June 20, 2024

Of course, we all have to go through with it: the pains and disappointments of our first real job. Mine was steering a jeepney and my route was Baguio-Camp Dangwa and vice versa (an old, spritely lady asked where vice versa was and I was nonplussed myself). Because I was new on the job, I should be familiar with the places round my route. I should, in fact, know every nook and cranny along the road I was traversing daily. My life depended on it.
Now, to stop a jeepney when one wishes to alight, a passenger can do any of the three ways: Hit a coin repeatedly against the metal handle bar by the ceiling. The tinkling sound can guarantee a stoppage; hit the ceiling with the bent finger knuckle, preferably with the middle finger of either hands or use a fist; or say para.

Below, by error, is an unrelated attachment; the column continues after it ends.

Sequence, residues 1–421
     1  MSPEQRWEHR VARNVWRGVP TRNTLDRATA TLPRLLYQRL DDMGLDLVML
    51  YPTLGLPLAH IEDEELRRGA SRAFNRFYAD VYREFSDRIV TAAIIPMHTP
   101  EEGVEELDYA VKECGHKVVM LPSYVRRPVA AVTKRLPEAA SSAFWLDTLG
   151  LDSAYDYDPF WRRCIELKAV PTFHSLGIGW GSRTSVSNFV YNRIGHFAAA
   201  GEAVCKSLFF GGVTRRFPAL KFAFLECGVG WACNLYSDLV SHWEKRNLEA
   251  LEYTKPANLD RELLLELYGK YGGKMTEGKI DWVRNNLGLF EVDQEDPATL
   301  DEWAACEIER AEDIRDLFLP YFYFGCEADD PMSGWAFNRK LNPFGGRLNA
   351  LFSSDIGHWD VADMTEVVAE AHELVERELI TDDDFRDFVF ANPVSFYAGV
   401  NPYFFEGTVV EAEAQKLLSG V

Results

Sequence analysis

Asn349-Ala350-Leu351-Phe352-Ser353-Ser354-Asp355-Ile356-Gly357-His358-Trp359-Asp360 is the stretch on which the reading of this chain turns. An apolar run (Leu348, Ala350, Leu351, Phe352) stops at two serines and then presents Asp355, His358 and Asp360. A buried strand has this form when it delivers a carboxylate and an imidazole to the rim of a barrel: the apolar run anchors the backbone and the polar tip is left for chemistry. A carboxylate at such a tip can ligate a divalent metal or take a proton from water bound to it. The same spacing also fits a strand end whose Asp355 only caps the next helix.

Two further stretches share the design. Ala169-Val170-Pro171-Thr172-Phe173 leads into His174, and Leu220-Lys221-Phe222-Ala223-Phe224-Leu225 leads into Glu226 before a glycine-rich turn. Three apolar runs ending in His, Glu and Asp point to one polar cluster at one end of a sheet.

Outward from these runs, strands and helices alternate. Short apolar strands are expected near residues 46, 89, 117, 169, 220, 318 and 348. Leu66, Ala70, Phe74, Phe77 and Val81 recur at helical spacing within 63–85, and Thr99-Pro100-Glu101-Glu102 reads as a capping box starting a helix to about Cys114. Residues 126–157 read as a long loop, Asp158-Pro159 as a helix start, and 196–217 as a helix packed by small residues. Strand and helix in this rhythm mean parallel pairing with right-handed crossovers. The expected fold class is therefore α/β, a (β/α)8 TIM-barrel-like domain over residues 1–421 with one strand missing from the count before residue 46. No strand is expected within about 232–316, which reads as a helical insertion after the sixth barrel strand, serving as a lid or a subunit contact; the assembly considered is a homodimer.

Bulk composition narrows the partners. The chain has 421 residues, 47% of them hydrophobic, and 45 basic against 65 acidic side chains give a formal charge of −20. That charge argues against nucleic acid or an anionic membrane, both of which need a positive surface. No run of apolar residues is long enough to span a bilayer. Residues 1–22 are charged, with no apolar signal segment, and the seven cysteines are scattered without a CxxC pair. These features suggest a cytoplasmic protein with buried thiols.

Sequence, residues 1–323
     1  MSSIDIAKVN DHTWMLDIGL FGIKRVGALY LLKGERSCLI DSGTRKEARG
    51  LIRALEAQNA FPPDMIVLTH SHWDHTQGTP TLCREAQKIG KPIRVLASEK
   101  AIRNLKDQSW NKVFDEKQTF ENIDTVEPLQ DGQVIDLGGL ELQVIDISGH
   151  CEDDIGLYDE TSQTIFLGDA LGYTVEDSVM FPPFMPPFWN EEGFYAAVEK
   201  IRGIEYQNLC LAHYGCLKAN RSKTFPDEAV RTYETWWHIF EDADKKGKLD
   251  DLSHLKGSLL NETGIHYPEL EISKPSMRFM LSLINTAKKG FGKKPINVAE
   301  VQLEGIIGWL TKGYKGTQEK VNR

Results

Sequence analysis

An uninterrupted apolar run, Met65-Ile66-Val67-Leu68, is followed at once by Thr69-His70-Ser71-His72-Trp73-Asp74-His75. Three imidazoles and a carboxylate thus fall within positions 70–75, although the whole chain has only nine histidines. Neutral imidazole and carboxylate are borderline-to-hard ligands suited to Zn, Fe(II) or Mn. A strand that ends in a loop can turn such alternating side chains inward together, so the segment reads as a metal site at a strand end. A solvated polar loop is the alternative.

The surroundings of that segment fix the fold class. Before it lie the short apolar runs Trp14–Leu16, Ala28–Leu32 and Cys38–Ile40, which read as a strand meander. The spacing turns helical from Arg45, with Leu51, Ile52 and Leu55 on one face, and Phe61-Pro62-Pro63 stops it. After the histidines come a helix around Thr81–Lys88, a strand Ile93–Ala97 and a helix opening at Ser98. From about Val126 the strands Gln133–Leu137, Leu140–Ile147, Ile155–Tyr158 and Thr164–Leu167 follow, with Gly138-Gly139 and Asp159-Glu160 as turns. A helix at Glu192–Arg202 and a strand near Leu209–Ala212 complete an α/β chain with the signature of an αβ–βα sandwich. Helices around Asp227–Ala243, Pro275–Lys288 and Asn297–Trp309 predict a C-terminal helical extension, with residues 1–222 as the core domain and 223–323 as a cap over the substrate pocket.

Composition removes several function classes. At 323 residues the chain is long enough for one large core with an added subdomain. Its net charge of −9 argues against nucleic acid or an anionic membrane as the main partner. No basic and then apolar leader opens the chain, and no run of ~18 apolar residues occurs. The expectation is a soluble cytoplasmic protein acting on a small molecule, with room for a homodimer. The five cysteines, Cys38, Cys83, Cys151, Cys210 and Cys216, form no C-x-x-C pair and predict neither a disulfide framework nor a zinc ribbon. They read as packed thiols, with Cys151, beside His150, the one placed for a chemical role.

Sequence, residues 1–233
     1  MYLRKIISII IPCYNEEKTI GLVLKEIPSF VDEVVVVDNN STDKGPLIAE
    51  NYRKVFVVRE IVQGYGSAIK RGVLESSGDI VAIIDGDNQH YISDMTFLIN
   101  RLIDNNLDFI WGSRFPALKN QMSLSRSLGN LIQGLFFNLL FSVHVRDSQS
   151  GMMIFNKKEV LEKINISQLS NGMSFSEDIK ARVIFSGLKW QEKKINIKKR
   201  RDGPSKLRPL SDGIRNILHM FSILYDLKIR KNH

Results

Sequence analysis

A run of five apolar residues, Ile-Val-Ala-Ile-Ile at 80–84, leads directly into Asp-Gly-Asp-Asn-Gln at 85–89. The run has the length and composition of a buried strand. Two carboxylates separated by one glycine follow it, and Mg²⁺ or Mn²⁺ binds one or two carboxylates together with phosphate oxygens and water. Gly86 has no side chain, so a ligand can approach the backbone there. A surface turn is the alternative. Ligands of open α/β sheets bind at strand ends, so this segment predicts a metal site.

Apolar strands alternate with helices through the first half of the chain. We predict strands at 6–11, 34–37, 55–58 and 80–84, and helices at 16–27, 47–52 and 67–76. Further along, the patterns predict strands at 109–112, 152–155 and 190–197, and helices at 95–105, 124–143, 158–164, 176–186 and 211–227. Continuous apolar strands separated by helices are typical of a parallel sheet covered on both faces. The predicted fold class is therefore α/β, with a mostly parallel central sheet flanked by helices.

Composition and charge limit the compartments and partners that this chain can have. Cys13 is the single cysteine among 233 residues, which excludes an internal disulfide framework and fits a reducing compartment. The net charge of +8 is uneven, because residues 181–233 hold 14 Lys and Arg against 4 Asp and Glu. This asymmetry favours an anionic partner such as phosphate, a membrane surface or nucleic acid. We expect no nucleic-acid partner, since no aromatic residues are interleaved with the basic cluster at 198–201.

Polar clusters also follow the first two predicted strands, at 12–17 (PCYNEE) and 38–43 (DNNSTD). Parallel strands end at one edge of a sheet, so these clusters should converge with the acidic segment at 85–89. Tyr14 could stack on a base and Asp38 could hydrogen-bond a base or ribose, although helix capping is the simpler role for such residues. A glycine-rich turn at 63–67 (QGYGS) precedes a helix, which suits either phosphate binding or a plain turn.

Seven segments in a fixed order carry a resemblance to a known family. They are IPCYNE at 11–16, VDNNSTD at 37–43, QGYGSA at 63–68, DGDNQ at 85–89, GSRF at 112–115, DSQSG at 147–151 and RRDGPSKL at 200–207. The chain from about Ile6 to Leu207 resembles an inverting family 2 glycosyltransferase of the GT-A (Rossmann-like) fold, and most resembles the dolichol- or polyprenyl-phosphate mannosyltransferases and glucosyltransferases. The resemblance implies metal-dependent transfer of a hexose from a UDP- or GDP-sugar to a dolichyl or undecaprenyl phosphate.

I had no problem at all with the former two. If you had strong ears like a dog’s or a bat’s, the noise from the diesel engine was curiously like a cat’s purr. You didn’t overshoot intended stops. If you had weak hearing, you will surely be a recipient of unkindly words from disgruntled passengers. But then again, you may not. A weak ear cancels most words anyway.
The third is pretty straightforward and popular. “Para ditoy”, “Manong, para” or simply, para. Some romantic guys (or drunks) will blurt “paradise”. But that was quite ok as the word para is incorporated.
The thing that bothered me most is when people tried to be dramatic. Instead of applying the tried and standard three ways, they make your life a little miserable. There was that guy who muttered, “Tabi lang ho”.
I kept driving and suddenly one passenger said, “Para kano!” The passenger went out with insolent stare. But, pray tell me, where the hell is that place? Tabangaoen was on the other side of Balili River and not accessible by road. Bahong didn’t belong to my route. The man may have been lost as Trancoville was up yonder in Baguio.
And to my deep consternation, why should some people insist on calling me mother? “Tabi lang ho, mama”. I can’t believe it. (ELMER APACWAY)